Directed by Pablo Larraín
Opens February 5
Crises of conscience are few and far between in the Oscar contender Spotlight—most everyone who’s not a flack for the Catholic Church ultimately wants the truth about sex abuse out there—but the quietly crusading journalist played by Brian d’Arcy James ultimately faces a dilemma for the ages. He’s desperate to let his neighbors know about the “rehab” house for pedophile priests that’s located right down the block. But should he risk jeopardizing the Spotlight team’s hard work on the church-cover-up story by speaking out about precisely what it is they’re looking into?
Such a safe house provides the setting for the Chilean film The Club, the largely unsatisfying fifth feature by director Pablo Larraín, which has banked plenty of honors itself—the Silver Bear winner at Berlin was recently nominated for a Golden Globe in the foreign-language category. (Larraín is currently in production on his English-language debut, a Jackie O. biopic starring Natalie Portman.) At this seaside retreat, four off-duty priests and a former nun lie low under a lax form of house arrest—they eat plentiful communal meals, watch reality TV, and dabble in dog racing—ducking any real punishment for having treated organized religion as a front for organized crime. As written by Larraín, Guillermo Calderón, and Daniel Villalobos, these priests are not exclusively pedophiles: One, a former army chaplain, made a habit of recording in a little black book the substance of soldiers’ confessions to him; another sold unwanted babies on the black market. Still another can’t remember a thing—is it possible that his dementia is in part a coping mechanism?
At the beginning of the film, a distinguished-looking fifth priest arrives—only to shoot himself when confronted by a former orphan whom he’d had his way with (played by Roberto Farías, the young man’s canopy of curly black hair snuffing out the catch light in his eyes—one of the film’s few moving touches). Sister Mónica (Antonia Zegers), Father Vidal (Alfredo Castro), and company soon switch into manipulative damage-control mode as they face the questioning of a Vatican envoy (Marcel Alonso) who does not take kindly to the regime of heel-cooling at the house. Strangely, the film itself (shot by frequent Larraín collaborator Sergio Armstrong) often appears to join the out-of-circulation priests in their willful evasion: A deep haze often overtakes the film’s images, particularly as natural light diffuses through the house’s windows midday, or across the beach at dawn and dusk.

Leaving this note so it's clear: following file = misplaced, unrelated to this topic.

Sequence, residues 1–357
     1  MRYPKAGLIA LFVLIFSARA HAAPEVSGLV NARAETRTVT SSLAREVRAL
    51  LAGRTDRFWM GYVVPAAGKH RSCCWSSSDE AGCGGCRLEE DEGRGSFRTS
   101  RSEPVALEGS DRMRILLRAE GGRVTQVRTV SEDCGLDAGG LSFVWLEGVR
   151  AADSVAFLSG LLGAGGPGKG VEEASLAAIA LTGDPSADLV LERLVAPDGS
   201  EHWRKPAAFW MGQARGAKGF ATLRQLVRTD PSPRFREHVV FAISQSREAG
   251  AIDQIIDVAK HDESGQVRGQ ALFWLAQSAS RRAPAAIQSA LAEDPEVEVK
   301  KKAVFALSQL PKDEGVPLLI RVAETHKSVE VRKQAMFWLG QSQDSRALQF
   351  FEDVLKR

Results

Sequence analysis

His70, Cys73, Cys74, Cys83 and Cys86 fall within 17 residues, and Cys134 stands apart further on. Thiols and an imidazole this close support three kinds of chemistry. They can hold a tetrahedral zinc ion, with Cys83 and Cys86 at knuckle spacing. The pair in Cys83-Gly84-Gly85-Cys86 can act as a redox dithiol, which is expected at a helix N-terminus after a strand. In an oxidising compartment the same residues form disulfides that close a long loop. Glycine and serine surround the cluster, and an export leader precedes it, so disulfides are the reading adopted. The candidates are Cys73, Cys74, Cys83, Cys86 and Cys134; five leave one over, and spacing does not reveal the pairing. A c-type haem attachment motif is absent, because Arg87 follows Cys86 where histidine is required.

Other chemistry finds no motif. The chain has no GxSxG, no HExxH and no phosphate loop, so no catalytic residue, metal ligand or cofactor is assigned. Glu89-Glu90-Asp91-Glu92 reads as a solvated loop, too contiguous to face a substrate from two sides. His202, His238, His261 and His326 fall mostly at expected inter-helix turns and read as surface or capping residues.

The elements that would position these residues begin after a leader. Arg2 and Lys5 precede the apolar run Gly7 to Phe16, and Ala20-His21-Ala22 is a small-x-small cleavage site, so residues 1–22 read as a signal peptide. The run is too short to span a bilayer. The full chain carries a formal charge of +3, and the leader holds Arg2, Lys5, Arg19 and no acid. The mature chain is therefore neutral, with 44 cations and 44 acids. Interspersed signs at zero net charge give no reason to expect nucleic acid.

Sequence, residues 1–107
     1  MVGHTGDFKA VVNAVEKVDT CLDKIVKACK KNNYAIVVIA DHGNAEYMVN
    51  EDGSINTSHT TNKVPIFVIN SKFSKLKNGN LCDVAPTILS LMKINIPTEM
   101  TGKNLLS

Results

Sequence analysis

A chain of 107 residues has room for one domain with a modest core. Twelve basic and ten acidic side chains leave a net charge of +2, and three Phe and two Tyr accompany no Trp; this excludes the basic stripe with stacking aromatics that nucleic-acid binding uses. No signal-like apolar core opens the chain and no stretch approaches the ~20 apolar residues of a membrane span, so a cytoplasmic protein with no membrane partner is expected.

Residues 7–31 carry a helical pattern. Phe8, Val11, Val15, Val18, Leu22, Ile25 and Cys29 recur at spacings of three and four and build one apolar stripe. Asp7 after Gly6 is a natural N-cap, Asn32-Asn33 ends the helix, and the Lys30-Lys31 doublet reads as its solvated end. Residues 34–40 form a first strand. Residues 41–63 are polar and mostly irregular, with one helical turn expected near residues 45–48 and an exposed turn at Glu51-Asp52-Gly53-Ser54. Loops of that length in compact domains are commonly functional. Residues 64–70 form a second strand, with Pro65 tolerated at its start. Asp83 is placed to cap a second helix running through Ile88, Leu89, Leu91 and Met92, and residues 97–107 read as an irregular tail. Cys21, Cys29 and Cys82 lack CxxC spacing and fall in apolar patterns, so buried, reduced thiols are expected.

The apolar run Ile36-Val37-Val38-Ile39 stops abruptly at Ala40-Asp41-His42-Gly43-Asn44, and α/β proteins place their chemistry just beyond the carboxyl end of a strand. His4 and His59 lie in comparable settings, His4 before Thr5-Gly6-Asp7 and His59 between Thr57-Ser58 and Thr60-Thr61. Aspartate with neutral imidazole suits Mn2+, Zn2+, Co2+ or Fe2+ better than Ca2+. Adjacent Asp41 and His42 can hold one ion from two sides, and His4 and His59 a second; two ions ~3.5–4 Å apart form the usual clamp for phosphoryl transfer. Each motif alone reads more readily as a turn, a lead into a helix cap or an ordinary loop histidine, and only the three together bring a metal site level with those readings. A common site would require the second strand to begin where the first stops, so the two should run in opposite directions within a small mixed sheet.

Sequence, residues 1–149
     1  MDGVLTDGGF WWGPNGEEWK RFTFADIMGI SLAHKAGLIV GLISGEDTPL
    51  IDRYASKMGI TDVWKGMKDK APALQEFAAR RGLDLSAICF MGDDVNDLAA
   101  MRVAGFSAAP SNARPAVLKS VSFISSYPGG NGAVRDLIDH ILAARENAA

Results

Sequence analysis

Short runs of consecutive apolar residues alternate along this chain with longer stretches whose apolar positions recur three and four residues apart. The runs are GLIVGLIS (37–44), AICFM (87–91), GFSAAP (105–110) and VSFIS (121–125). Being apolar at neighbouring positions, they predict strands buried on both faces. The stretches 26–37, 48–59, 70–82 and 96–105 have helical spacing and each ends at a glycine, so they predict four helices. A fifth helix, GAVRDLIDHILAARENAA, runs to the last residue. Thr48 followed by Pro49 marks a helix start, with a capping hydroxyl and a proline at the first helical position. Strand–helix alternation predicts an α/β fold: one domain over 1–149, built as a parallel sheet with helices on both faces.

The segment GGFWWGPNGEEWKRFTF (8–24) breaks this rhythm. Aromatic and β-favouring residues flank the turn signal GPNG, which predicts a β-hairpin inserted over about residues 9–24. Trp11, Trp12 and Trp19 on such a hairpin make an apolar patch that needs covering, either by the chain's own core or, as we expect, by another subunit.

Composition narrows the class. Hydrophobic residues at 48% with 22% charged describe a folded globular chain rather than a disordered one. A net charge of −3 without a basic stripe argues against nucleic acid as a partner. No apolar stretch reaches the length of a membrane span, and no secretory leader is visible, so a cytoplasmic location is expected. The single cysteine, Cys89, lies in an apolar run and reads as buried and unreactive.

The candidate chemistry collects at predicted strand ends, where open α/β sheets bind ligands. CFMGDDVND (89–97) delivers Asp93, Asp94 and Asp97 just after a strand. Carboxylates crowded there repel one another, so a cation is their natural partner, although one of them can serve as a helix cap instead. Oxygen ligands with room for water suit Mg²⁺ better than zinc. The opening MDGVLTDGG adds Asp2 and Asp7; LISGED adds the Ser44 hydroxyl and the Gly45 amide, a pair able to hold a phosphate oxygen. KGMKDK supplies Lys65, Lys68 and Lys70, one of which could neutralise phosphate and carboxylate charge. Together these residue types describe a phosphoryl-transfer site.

Fresh off a corrosive (and increasingly impressive) trilogy about life under the military dictatorship of Augusto Pinochet (Tony Manero, Post Mortem, and No), Larraín has mounted a study of deflected guilt that’s no less incendiary—as the film approaches its overwrought home stretch, we see someone get fisted, and innocent animals meet unpleasant fates. For all the au courant brutality on display, though, this in many ways feels like a more traditional blindly angry broadside against the church than the more buttoned-up Spotlight, a drama that was clear on human motives, conscientiously situating individuals within institutions. When it comes to the sinners themselves, The Club is an altogether less focused affair: The film isn’t interested in penetrating too far past the organizational smokescreen its ever-on-guard priests are hiding behind, and we don’t learn a whole lot about Farías’s victim save for the fact that he’s perpetually wasted. Perhaps the great extent of the self-protectiveness and the dissipation is the point, but it’s nonetheless frustrating that the characters here seem to stay mostly under wraps—the movie winds up feeling like a kind of cover-up in itself.